Coke developed Coke Zero, Pepsi developed Pepsi One. Dominoes offered $5 pizzas, Pizza Hut offered $5 pizzas. NetFlix started delivering DVDs to your door, Blockbuster thought they had better get in on that. Do you see where I am going with this? What your competitors do is extremely important to what your business does . If they have an advantage, you had better work to erase that advantage.
When beginning a campaign, be it SEO or SEM, we always make sure we are aware of the competition. It is a great way to find out where a client stands and what they need to improve upon. (It’s also a fantastic way to get new ideas!)
What Types of Things Do We Look At?
You could spend upwards of 40+ hours performing a thorough analysis of a company and it’s competitors. However, you can also get a good look at a t-bone steak by sticking…oh wait, that’s not how it goes. The bottom line is you can get a pretty good idea of a competitor by looking at the following variables (and it won’t take you a week to do):
1. Domain Age
The general conclusion is that the older the domain the more relevance it has in the eyes of the search engines (Yes, like everything else, this isn’t a certainty but if all else is equal, the older site will typically perform better). If your site is new this shouldn’t discourage you by any means, but it could give you an idea as to why a particular competitor is performing better.
2. Additional Sites Owned
What other types of sites does the company own? Are they related? Do they cross-link the sites? Is this something that you could or should do?
Example : We have a client that sells used equipment. While they have one main site their competitor has three different sites breaking up used equipment by industry. Does this mean our client should do this? Not necessarily but it does show them the approach their competitor is taking and the markets they also have to target.
3. Directory Listings
DomainTools will tell you if a competitor is listed in dMOZ and the Yahoo! Directory. More importantly it will provide you with the category they are listed in and the company description. How do these directories/search engines see them?
Search Engine & Traffic Stats
Do you sell your products online? Are all of your pages indexed? How many pages does your competitor have indexed? The number of pages indexed can play a huge role in determining your success and of course your competitors. If you only have 100 pages and your competitor has 10,000, it will probably be tough to compete for the more generic terms.
5. Incoming Links
This may be the most useful piece of information you will find. Yes, seeing that they have 3000 links to your 28 is good to know but what you really should ask is ‘What are those links?’. What types of sites are linking to your competitor? Are they paid links? Are they using social media? More importantly, What can you do to obtain these types of links?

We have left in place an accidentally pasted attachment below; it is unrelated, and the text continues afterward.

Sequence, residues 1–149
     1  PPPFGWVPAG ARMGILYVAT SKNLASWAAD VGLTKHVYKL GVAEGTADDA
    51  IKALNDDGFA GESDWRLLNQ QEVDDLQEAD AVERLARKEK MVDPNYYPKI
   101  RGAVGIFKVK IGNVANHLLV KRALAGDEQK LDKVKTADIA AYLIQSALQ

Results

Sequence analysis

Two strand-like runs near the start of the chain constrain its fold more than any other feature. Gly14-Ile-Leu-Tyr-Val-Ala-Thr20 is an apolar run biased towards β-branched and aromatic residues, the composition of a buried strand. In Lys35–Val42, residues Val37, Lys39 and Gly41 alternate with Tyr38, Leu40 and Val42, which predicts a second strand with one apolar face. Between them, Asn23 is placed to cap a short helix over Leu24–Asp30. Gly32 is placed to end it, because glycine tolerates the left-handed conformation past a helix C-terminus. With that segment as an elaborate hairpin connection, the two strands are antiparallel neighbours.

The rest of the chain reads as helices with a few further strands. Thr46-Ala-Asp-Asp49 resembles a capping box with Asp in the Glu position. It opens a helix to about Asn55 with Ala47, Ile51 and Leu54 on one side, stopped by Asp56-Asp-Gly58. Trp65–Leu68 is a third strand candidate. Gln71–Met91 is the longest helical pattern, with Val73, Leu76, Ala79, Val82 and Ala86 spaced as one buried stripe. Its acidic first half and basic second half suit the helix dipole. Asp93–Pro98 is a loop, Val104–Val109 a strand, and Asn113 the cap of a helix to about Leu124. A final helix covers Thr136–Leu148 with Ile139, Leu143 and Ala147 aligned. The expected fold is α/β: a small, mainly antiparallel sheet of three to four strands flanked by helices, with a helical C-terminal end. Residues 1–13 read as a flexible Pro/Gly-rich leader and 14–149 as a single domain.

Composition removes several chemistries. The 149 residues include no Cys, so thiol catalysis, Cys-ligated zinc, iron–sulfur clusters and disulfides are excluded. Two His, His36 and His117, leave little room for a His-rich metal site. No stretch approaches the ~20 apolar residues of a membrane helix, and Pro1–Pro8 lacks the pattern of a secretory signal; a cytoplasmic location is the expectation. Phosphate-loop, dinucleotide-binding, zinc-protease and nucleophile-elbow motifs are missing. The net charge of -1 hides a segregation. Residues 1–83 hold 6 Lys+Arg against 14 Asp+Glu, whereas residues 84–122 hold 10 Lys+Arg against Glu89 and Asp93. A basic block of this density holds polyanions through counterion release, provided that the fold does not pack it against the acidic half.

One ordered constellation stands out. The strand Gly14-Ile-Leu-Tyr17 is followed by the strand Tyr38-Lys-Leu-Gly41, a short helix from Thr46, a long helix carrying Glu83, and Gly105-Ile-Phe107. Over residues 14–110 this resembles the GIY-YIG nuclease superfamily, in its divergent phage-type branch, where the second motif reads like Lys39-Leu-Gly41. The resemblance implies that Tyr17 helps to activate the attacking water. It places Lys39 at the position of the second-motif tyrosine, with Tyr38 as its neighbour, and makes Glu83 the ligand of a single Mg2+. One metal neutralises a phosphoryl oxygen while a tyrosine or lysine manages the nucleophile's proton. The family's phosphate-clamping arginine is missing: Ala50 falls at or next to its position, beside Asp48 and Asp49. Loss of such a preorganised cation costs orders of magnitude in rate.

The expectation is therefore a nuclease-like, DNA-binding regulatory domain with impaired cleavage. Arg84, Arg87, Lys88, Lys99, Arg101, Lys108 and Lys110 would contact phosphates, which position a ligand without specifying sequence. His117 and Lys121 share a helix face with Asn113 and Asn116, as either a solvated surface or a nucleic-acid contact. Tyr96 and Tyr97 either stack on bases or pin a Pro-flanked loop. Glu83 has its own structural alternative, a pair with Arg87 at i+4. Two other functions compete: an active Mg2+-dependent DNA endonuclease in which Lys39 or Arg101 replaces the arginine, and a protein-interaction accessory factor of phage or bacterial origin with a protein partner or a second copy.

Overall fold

6. Google PR & Alexa/Compete Data
Yes, I know these are not precise but they do provide some insight into where you stand in comparison to the competition.
On Site Data
7. Meta Tags
Is your competitor using title tags? Do they have meta descriptions? What keywords are they using in the title tags? Checking out a competitors meta data can also help you determine whether or not they are engaging in any seo.
Beside links, this is probably the most important piece of information you will find. What type of content do they have on their site? Do they offer resources? Articles? A blog? What type of content do you have?
9. Usability/Internal Linking Structure
As you are going through the site, take a look at the internal linking structure. Is the navigation easy to use? Are they using keywords in the anchor text? What types of categories or hierarchal structure do they have?
Other Information to Check
10. Keyword Rankings
Take 10-15 keywords that are important to your business and check them next to your competitor. Once you have this you can begin analyzing why they perform better for certain keywords (using all the aforementioned data).
Is your competitor running a paid search campaign? What terms are they bidding on? What position are they bidding for? Do they also rank organically for any of the terms they are bidding on?
A competitive analysis is a great way to gain insight into your competitors business and of course your own. Each piece of information listed here on it’s own won’t help you understand your competition but combined it will.
Competitive analysis can be as thorough as you’d like it to be and the fields listed above are just the beginning. What other areas do you check out when looking at competitors?